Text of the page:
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Is Mark Esset’s Request On Legislative Elongation In AKS worthy of Consideration?

Mercy Obot

A recent publication in Crest Newspaper with the headline, “Akwa Ibom Should Stop Sending Half-baked Legislators to the National Assembly,” credited to Mr. Mark Esset, has generated a flurry of reactions among Akwa Ibom indigenes on social media and other news platforms.

The National Lawmaker, who represents Uyo/Uruan/Nsit Atai/Ibesikpo Asutan Federal Constituency, has come under interrogation by some individuals who want him to expose the “half-baked legislators” who are in the green and red chambers in the National Assembly in Abuja.

However, it is believed that the intent of Esset in advocating for legislative elongation in the state was grossly misconstrued in the public space, leading to widespread criticism and backlash from the people he seeks to protect.

But does Esset’s plea for a legislative extension for representatives in the National Assembly warrant consideration, by chance? Should he be granted the opportunity to serve his constituency for a third or fourth term in the House of Representatives?”

Before we haul stones at him with our comments, it is imperative to have a full grasp of his motivation and reasons for seeking to go beyond the previous terms his predecessors in the Federal House had earned.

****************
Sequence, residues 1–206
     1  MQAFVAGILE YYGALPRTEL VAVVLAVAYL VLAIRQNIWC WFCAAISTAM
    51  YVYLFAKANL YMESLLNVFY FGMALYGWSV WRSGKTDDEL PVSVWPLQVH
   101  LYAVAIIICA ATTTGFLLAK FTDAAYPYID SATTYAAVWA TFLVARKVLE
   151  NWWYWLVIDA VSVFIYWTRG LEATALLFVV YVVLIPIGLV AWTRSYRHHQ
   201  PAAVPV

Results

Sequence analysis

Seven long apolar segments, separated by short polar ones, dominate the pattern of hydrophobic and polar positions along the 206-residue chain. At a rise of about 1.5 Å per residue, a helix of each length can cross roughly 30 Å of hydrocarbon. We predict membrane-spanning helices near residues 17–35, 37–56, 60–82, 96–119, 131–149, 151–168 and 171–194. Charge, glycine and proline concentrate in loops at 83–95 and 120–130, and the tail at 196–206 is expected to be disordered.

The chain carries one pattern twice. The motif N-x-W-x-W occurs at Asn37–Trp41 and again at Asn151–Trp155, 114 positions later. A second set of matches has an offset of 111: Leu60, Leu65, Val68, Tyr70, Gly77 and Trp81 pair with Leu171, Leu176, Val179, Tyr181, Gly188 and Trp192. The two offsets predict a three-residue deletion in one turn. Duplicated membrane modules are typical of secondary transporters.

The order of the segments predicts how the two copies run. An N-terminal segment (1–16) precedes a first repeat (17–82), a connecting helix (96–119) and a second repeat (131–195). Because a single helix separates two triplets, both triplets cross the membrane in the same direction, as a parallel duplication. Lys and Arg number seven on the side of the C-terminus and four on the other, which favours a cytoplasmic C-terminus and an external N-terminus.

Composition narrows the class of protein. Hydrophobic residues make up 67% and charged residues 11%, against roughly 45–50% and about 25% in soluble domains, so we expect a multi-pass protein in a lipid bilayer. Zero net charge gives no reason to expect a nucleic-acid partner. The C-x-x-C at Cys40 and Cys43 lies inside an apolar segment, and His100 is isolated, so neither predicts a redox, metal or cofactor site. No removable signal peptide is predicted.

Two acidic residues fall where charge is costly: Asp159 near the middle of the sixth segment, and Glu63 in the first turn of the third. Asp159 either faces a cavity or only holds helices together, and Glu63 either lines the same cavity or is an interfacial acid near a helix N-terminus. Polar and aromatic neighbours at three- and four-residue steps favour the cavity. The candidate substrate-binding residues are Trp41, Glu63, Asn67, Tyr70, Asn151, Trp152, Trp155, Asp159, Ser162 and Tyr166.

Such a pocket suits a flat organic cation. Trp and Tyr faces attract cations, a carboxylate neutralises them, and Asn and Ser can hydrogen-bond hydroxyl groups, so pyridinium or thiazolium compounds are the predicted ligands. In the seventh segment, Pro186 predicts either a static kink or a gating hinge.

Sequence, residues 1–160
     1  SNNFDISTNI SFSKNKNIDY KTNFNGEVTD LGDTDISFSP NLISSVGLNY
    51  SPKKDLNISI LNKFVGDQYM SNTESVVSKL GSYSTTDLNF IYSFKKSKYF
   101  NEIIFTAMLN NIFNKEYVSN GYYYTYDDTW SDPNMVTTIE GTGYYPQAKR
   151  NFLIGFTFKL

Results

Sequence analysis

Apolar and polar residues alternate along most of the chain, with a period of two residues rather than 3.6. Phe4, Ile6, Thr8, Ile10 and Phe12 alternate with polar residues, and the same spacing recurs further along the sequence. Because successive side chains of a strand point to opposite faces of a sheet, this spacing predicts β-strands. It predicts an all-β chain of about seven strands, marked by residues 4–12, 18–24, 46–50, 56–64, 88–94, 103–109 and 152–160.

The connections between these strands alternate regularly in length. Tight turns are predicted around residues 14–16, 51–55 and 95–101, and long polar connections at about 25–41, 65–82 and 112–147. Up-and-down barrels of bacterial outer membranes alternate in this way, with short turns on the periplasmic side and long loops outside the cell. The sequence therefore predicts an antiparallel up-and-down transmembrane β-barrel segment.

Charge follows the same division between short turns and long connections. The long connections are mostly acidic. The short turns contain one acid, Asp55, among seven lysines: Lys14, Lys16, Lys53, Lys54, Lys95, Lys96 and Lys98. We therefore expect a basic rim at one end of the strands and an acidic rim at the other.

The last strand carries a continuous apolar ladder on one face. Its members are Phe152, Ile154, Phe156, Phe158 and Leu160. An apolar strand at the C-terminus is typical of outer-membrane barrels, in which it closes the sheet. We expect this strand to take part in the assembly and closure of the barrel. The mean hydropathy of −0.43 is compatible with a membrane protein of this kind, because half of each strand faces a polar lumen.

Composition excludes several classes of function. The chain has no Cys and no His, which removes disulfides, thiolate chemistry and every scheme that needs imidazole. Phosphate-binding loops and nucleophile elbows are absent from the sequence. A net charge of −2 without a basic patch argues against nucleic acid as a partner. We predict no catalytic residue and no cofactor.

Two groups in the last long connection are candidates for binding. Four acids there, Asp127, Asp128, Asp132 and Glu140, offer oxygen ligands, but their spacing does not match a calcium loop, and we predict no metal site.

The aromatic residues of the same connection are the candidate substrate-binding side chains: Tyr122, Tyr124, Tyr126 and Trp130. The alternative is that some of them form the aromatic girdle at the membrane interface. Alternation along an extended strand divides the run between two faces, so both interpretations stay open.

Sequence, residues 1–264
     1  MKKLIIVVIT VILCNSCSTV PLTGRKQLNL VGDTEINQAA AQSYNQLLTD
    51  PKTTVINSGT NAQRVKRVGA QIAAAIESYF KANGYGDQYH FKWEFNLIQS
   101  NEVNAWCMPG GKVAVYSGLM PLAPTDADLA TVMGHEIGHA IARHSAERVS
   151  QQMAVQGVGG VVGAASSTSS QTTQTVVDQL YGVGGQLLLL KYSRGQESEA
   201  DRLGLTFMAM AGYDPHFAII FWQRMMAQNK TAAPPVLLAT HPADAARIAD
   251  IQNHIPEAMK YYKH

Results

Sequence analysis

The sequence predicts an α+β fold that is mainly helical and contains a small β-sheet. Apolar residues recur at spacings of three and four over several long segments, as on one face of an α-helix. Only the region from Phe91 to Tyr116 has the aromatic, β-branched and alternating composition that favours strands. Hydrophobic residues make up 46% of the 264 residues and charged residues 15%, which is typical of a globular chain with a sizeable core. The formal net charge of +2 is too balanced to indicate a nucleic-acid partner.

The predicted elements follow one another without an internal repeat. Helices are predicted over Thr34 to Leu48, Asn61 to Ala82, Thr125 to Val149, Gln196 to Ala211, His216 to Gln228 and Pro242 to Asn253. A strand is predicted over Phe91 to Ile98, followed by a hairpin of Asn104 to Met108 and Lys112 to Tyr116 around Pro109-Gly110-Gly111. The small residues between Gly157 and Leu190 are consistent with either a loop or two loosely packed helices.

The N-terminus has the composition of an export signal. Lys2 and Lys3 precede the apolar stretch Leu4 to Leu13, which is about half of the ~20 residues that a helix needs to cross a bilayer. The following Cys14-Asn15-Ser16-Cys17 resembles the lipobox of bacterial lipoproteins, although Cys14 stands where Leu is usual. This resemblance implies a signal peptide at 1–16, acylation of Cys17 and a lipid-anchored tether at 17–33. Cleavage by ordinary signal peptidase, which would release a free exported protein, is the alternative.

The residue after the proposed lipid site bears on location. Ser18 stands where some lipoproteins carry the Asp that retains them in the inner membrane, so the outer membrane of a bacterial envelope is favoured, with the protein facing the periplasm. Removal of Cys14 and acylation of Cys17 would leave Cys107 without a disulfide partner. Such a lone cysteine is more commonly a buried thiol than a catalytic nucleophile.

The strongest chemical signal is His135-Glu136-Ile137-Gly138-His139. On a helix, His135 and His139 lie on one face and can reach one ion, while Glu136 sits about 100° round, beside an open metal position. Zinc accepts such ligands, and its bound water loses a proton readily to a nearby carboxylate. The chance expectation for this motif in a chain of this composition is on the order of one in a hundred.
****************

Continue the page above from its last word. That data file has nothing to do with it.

Having conversations with a cluster of journalists at his residence in Uyo, Esset lamented how some members of the House of Representatives enjoy more privileges over others due to their higher ranking made possible by the number of tenures done for their various constituencies.


He observed that their extended tenure in the National Assembly has accorded them greater esteem and recognition, surpassing that of Akwa Ibom lawmakers, who typically serve only for one or two terms. Consequently, most lawmakers from Akwa Ibom are limited in their ability to make meaningful contributions and achieve significant impact in their constituencies.

Esset cited the example of Rt. Hon. Unyime Idem, a two-term Federal Representative from Oruk Anam/Ukanafun Constituency who campaigned for the position of Minority Leader, but his dreams were shattered because he was not qualified by ranking as the lawmaker who later clinched the position is doing his fourth term.

According to Esset, Uyime Idem withdrew from the minority leader’s race because, based on parliamentary tradition, he was a junior member in terms of seniority, being only in his second term in the Federal House, a situation that put him in a disadvantaged position to contest for the position.

He further pointed out that in Cross River State, some lawmakers have served three or four terms, whereas in Akwa Ibom, lawmakers are limited to only two terms, making them the least-ranked members in the National Assembly.

Esset emphasised that in National Assembly politics, the higher your term, the higher your ranking as a lawmaker, noting that some members are currently serving their ninth term and there are no grounds for comparing them to Akwa Ibom lawmakers who are just serving their first or second term.